Rebecca is represented by Rebecca Podos at the Rees Literary Agency.

More Buzz about the book:

“Anne McCaffrey for the next generation, and I absolutely devoured it.” —Mackenzi Lee, bestselling author of The Gentleman’s Guide to Vice and Virtue
“Eagerly awaiting the sequel.” —Melissa Bashardoust, author of Girls Made of Snow and Glass
“A wondrous adventure.” —Tessa Gratton, author of Strange Grace
“Perfect for fans of Tamora Pierce, Renée Ahdieh, and Cindy Pon.” —Saundra Mitchell, author of All the Things We Do in the Dark and editor of YA anthologies All Out and All Out Now
“A captivating debut.” —Audrey Coulthurst, author of Of Fire and Stars
“An extremely welcome addition to YA’s queer fantasy canon.” —Dahlia Adler, author of Under the Lights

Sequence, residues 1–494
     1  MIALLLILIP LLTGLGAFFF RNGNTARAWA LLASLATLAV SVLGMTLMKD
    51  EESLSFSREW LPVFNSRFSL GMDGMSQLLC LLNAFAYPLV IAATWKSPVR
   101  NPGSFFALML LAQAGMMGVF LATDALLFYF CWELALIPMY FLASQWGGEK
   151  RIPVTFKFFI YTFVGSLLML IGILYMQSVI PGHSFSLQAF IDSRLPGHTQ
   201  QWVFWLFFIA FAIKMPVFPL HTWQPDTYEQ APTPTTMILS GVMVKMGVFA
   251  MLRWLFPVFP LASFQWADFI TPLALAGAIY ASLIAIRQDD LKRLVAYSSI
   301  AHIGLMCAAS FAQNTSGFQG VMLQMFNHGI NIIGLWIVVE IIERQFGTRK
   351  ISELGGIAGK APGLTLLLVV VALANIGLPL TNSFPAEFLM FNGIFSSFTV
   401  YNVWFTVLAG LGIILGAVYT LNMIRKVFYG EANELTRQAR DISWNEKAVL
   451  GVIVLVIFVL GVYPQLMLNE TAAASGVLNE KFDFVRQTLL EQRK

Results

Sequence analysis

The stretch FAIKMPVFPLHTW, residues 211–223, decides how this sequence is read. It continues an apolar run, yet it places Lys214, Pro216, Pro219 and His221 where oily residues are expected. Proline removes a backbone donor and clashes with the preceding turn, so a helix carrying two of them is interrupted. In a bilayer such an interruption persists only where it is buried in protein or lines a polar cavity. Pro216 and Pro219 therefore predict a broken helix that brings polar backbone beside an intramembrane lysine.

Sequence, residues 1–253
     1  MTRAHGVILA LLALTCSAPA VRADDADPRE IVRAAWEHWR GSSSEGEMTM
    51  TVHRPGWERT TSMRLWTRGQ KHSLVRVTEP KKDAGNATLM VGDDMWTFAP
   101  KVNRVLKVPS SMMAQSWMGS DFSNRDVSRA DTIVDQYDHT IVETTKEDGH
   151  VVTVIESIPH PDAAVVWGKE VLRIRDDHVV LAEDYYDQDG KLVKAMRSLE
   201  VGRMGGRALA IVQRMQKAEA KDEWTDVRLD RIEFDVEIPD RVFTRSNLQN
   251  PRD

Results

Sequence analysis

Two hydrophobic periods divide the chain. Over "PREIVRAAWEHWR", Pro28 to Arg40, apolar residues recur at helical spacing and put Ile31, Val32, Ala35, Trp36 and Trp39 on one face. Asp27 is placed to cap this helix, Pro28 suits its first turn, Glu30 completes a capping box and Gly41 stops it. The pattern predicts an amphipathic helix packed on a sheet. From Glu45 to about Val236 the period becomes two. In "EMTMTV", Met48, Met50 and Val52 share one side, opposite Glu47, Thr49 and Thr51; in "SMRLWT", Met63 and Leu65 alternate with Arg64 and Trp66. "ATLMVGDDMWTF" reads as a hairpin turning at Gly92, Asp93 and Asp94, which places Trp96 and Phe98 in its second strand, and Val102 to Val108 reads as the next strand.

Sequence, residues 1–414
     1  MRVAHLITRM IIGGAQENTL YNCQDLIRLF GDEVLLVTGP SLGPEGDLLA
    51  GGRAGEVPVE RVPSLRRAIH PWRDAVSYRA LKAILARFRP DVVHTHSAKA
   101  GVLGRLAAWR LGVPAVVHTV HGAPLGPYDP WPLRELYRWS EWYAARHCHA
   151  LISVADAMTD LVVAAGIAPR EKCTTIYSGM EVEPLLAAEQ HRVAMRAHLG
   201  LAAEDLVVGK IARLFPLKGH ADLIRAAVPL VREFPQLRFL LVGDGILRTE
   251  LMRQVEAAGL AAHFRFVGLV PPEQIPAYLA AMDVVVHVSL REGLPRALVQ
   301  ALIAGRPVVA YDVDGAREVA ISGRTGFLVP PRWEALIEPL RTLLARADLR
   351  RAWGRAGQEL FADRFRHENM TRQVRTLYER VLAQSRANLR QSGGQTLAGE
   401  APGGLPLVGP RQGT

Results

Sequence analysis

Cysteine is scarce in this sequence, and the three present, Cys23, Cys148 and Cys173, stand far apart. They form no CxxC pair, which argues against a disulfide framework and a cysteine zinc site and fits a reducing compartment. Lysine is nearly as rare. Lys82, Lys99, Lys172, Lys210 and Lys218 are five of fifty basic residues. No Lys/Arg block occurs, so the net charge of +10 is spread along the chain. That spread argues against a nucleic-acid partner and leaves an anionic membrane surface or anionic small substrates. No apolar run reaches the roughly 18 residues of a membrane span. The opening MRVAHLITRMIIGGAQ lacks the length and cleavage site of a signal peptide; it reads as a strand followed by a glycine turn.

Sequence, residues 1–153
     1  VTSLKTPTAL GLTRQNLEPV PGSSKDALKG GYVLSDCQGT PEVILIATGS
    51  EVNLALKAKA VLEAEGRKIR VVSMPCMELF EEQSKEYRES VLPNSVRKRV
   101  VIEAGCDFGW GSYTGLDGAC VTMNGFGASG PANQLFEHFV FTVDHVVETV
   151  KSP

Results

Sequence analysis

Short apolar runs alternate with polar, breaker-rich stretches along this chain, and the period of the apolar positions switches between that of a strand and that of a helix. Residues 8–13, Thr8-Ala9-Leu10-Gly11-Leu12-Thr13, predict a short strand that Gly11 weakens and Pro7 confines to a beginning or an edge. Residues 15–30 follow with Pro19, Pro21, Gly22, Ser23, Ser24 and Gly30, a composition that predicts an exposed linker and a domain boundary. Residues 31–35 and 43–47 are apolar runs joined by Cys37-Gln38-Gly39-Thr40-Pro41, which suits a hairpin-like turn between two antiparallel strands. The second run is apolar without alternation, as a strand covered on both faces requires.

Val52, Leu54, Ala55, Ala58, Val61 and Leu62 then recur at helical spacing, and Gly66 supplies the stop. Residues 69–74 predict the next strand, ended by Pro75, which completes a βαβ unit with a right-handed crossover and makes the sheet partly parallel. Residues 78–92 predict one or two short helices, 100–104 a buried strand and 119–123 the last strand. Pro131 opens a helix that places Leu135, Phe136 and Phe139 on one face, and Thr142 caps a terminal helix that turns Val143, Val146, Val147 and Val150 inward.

Thank you Rebecca for sharing you book and its’ journey with us. I know this is going to be a big hit.

You can visit Rebecca at her Website:

If you like the book, remember to ask you library to ordered it so other will find it.

Talk tomorrow,



  1. This sounds like a great new book, I’d love to have a copy. Thanks for the chance to win one!
    I do follow your blog by email: crs(at)codedivasites(dot)com
    I’ve also tweeted a link to this post:, and pinned an image on Pinterest with a link as well:
    Thanks again, have a great week everyone!

    Liked by 1 person

  2. I put this book on my to-read list, so I’ll remember to pick up a copy.

    Liked by 1 person

  3. This looks like a great read!

    Liked by 1 person

  4. How do we know when the giveaway ends?